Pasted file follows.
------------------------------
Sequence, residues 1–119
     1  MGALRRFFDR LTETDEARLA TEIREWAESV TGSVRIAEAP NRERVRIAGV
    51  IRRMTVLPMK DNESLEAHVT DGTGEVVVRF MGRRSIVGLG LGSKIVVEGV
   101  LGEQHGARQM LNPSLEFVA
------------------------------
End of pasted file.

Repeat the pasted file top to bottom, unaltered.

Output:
Sequence, residues 1–119
     1  MGALRRFFDR LTETDEARLA TEIREWAESV TGSVRIAEAP NRERVRIAGV
    51  IRRMTVLPMK DNESLEAHVT DGTGEVVVRF MGRRSIVGLG LGSKIVVEGV
   101  LGEQHGARQM LNPSLEFVA